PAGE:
“I’ll Be Watching You:” The Mediating Role of Jealousy and Trust Between Attachment and Surveillance
Haverford College. Department of Psychology
Place of Publication
Table of Contents
Tri-College users only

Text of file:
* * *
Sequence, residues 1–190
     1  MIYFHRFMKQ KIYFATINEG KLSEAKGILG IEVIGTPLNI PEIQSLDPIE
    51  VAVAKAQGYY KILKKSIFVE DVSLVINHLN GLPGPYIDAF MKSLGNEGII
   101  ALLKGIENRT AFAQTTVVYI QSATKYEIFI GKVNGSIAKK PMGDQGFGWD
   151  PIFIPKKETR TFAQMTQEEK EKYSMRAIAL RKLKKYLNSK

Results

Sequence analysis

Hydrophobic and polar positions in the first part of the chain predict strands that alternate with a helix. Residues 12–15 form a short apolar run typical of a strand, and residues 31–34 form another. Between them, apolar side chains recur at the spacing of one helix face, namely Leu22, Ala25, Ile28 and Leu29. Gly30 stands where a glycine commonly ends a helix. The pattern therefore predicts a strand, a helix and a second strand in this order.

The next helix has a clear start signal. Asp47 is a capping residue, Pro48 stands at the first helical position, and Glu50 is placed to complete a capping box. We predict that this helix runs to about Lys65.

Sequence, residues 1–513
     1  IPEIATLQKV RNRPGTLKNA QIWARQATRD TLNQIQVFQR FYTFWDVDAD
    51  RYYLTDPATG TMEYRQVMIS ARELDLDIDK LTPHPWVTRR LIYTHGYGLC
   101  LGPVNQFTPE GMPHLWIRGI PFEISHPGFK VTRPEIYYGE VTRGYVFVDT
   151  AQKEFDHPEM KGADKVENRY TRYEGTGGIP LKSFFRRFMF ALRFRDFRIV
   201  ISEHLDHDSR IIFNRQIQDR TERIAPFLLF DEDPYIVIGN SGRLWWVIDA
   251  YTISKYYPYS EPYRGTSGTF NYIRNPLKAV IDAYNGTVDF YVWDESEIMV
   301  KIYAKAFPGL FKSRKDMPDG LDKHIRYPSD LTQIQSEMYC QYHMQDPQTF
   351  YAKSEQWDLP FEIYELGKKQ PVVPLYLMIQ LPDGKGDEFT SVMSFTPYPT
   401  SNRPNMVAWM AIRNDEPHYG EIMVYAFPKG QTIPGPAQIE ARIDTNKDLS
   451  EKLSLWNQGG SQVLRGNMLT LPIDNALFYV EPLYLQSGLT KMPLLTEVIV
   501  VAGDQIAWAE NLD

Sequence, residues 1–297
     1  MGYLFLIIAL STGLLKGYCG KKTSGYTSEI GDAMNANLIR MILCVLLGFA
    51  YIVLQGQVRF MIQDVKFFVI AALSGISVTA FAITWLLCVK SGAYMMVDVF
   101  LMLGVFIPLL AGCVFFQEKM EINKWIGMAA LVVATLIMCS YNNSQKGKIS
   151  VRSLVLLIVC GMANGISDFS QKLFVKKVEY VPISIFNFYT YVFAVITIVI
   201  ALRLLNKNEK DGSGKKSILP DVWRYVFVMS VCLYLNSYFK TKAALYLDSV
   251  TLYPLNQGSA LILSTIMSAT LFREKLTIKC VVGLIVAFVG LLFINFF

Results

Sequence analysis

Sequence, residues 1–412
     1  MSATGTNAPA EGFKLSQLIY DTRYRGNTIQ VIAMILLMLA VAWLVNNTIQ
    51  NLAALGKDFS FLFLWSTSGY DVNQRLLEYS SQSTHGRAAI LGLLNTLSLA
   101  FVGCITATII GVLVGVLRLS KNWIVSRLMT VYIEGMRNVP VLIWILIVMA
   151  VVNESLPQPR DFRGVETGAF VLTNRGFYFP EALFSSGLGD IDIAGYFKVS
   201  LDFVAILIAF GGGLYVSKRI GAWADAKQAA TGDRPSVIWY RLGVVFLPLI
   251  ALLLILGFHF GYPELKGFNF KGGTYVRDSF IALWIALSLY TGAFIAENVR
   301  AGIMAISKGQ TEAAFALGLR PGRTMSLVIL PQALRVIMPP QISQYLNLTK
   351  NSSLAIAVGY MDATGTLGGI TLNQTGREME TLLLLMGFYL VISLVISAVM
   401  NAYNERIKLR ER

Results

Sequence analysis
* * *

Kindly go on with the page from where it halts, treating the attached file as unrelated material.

Previous research has explored the role of individual differences, psychological experiences, and relational variables in surveillance behaviors, like stalking. However in the modern age, with most people active on social networking sites (SNS), do these individual differences still affect the likelihood of an individual surveilling their partner online, and if so, do these psychological experiences of jealousy and the relational variable of trust impact it? The aim of this study was to replicate and add to these findings by examining if anxious attachment predicts online surveillance, mediated by romantic jealousy and trust. Three hundred participants completed an online questionnaire that assessed demographics, attachment style, romantic jealousy on different SNS platforms, trust in one’s partner, and online surveillance behaviors. Both romantic jealousy and trust mediate the association between high anxious attachment and online surveillance. Additionally, both romantic jealousy and trust mediate the association between high avoidant attachment and online surveillance, opposing previous literature. Implications of this research include understanding what makes an individual physically or virtually surveil their romantic partner.